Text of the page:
Legislature’s redistricting special sessions cost taxpayers nearly $1M

Legislature’s redistricting special sessions cost taxpayers nearly $1M


Legislature’s redistricting special sessions cost taxpayers nearly $1M


Legislature’s redistricting special sessions cost taxpayers nearly $1M

state legislators legislative
(Collin Richie)

Louisiana lawmakers spent nearly $1 million on the two redistricting special sessions held to redraw the state’s political boundaries, WAFB-TV reports.

The first special session to tackle the map ran from Feb. 1 to Feb. 20. In that time, the bill for the House and Senate rang up at $786,997. Of that figure, the House had $511,300 in fees while the Senate was responsible for $275,697.


After the state House and Senate’s congressional map was vetoed by the governor and then overridden by the Legislature, a federal judge ordered lawmakers to redraw the map. Lawmakers went back to the drawing board June 15 with just five days to meet the judge’s deadline for a map with two majority-Black districts to better match changes in Louisiana’s population.

The second special session ended before the deadline but still cost $147,842.17. Read the full story from WAFB-TV.  

Baton Rouge General has an agreement in place to purchase land in the Baton Rouge Health District that could be the future site of the long-sought Midway Connector, BRG spokesperson Katie Johnston confirmed today.

The deal has not yet closed, which would be only the first of many hurdles that would have to be cleared before the project could come to fruition.

Health District Executive Director Steven Ceulemans says the connector would improve mobility and traffic flow.


“Well over a decade of planning has gone into this,” he says.

Officials broke ground last month for Midway Boulevard, which will run from Picardy Avenue to the new Constantin Boulevard behind BRG and Our Lady of the Lake Children’s Hospital. The proposed connector would extend Midway south to Perkins Road.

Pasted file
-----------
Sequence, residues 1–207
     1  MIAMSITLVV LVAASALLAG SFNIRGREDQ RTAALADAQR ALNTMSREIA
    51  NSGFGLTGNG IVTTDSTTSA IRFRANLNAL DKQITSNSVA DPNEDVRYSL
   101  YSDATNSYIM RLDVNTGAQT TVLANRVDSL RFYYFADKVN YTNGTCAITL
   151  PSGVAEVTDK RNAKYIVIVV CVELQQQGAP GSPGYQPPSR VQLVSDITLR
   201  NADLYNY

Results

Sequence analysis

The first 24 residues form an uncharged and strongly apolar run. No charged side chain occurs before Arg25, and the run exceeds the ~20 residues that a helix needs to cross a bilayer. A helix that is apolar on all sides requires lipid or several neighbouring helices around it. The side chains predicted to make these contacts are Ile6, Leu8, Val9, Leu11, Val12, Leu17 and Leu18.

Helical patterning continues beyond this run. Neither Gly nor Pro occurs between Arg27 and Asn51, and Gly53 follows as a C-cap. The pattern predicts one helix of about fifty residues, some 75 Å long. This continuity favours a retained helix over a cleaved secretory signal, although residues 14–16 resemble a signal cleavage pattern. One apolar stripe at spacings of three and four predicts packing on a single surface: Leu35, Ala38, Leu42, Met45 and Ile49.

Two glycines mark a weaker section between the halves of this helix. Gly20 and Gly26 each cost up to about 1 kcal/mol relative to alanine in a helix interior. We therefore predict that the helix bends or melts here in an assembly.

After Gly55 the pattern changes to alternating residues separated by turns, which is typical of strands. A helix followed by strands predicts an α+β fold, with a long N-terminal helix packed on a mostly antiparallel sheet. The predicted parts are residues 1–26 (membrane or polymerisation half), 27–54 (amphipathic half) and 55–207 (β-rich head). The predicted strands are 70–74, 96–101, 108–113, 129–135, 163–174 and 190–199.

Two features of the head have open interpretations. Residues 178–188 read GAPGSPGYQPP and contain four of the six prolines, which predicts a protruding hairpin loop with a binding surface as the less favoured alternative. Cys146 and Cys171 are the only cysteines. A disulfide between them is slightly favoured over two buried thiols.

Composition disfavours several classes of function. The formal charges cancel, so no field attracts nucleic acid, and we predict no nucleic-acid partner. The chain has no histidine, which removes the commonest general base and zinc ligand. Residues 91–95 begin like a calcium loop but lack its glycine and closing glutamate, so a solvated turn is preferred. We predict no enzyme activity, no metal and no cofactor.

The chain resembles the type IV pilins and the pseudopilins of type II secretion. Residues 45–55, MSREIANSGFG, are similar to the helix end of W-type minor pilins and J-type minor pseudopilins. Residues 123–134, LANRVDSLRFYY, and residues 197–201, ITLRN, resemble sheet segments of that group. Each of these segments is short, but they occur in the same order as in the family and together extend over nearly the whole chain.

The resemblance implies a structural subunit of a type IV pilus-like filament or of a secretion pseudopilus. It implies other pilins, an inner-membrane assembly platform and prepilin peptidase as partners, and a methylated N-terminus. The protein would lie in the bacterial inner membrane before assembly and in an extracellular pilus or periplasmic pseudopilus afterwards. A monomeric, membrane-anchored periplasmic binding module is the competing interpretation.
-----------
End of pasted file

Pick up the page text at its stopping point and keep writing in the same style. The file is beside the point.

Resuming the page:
The project would be an expensive and logistically difficult proposition involving crossing railroads and moving a power plant, East Baton Rouge Parish Transportation Director Fred Raiford says.

“It’s not that it can’t be done, but there’s a lot of ins and outs,” he says.

The owners of the property the connector would pass through had asked for the project to be removed from the parish street plan. They don’t support the Midway running through their property and believe a commercial development is a better use

says Bill Jeansonne with Saurage Rotenberg Commercial Real Estate. 

But officials with BRG would make that decision if they close the sale. An item on Monday’s Planning Commission meeting agenda calls for the segment to be removed from the major street plan. Jeansonne says the owners will ask to defer the item, and Raiford says he supports keeping the project in the plan. 

The pandemic has irrevocably altered the way Americans work. While changes began when lockdowns forced companies to implement remote and hybrid work schedules, they have continued well beyond the end of stay-at-home orders.

The Washington Post reports that in-person attendance at many offices is nearly nonexistent on Fridays. The story points to research from Kastle Systems, which has been monitoring office entry activity across 41,000 workplaces weekly. Kastle found that in June only 30% of the workforce actually went into the office on Fridays.

Allowing employees to work from home on Fridays, or even converting to a four-day workweek, is not something just startups are having to do to keep workers. Meanwhile, some behemoth employers are trying novel ways to entice their workers to show up on Fridays. For example, KPMG promises “no-camera Fridays” and rewards its employees by allowing them to clock out at 3 p.m. during the summer months. Read the article.

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